Bradley Merrill Thompson, Member of the Firm in the Health Care & Life Sciences practice, in the firm’s Washington, DC, office, was quoted in Wearable Technologies, in “How FDA Is Backing the Use of Artificial Intelligence in Telemedicine,” by Sam Draper.

Following is an excerpt:

Telemedicine, also known as e-medicine, is the remote delivery of healthcare services, including tests and consultations, over the telecommunications infrastructure. Telemedicine allows health care professionals to evaluate, diagnose and treat patients at a distance using telecommunications technology.

For telemedicine to be truly useful, the patient must be able to collect and transmit a variety of data the healthcare professional needs in order to assess the patient’s health, writes Bradley Merrill Thompson in MobiHealthNews.

Artificial intelligence (AI) can help with data collection by instructing patients how to use medical technology that collects data. AI can help physicians sort through and analyze the data they receive, and it can even help deliver therapy. …

Apart from image analysis, FDA has come out with a new redraft of its Clinical Decision Support Software Guidance last September that is much more flexible in its treatment of AI.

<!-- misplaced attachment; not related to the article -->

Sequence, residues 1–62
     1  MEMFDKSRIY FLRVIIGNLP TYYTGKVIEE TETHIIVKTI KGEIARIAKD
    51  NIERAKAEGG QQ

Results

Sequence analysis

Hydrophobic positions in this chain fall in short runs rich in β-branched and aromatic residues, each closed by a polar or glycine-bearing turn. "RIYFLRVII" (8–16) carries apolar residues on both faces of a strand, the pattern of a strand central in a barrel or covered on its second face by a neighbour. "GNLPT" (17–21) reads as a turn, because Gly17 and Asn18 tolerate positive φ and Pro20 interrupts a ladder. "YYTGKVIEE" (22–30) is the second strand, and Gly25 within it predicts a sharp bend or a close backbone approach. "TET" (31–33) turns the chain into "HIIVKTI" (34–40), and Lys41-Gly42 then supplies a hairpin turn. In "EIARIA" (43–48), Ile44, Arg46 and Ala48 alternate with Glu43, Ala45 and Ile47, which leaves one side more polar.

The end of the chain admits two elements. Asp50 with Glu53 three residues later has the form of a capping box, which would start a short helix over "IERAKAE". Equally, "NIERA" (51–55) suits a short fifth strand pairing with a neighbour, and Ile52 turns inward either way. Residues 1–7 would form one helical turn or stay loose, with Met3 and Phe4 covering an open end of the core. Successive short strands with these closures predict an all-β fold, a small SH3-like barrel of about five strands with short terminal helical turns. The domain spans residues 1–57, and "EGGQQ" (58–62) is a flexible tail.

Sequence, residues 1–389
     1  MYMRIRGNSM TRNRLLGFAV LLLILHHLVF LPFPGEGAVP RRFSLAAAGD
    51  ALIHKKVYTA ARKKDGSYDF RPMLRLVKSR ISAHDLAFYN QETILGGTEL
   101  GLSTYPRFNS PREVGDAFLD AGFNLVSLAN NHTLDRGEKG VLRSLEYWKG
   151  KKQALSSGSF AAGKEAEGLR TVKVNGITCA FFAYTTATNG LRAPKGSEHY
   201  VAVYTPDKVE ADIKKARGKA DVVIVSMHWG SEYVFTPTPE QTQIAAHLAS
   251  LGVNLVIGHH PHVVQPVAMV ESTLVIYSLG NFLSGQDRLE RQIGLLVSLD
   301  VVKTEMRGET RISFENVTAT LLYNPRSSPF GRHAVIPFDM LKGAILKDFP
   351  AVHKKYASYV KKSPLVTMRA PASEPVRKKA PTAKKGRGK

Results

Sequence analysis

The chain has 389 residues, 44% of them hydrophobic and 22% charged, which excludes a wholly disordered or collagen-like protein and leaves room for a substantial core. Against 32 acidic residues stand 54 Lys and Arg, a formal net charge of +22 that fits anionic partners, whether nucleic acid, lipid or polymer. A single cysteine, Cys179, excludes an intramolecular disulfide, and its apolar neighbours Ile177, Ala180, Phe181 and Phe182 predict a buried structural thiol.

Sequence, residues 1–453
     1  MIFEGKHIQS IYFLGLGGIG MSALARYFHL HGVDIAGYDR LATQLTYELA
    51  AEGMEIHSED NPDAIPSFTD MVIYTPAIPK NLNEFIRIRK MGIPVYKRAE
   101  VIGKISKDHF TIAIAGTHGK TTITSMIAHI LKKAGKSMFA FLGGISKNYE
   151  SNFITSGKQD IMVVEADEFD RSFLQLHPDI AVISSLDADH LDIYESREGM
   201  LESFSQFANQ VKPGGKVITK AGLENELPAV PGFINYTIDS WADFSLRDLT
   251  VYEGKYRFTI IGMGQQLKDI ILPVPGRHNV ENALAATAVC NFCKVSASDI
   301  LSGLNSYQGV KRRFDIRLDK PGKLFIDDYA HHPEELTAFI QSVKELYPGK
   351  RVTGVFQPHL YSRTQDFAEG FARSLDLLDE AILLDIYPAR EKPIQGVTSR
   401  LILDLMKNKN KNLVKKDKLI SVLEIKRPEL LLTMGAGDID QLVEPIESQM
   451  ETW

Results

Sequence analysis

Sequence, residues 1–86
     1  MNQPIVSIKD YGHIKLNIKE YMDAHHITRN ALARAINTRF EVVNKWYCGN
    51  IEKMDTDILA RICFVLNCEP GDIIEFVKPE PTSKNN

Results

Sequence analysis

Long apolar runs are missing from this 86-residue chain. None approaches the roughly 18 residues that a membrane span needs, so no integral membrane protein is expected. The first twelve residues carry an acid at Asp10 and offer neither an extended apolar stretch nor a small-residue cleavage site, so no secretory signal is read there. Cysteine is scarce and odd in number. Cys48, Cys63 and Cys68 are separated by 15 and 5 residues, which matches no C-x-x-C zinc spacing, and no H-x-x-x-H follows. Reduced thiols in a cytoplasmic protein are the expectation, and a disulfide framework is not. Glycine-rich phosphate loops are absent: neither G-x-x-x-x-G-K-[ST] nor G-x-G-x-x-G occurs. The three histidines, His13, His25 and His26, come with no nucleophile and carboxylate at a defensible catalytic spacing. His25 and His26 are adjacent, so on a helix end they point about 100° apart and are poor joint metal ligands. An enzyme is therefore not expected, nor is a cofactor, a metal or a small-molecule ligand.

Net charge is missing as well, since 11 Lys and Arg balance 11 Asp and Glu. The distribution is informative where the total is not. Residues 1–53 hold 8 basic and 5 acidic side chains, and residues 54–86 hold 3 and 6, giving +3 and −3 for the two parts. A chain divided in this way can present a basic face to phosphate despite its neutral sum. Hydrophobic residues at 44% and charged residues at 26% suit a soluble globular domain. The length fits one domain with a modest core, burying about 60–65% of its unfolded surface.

“FDA has provided a road map for guidance-system technologies in ways that they can be used to facilitate telemedicine. Unfortunately this roadmap can’t be found in any guidance, and no doubt the rules will continue to evolve. But it appears that FDA is willing to be creative and flexible. And, nearly all of this was even before COVID-19 created an urgency around the use of telemedicine. The future is looking pretty bright for these technologies,” Thompson wrote in his report.

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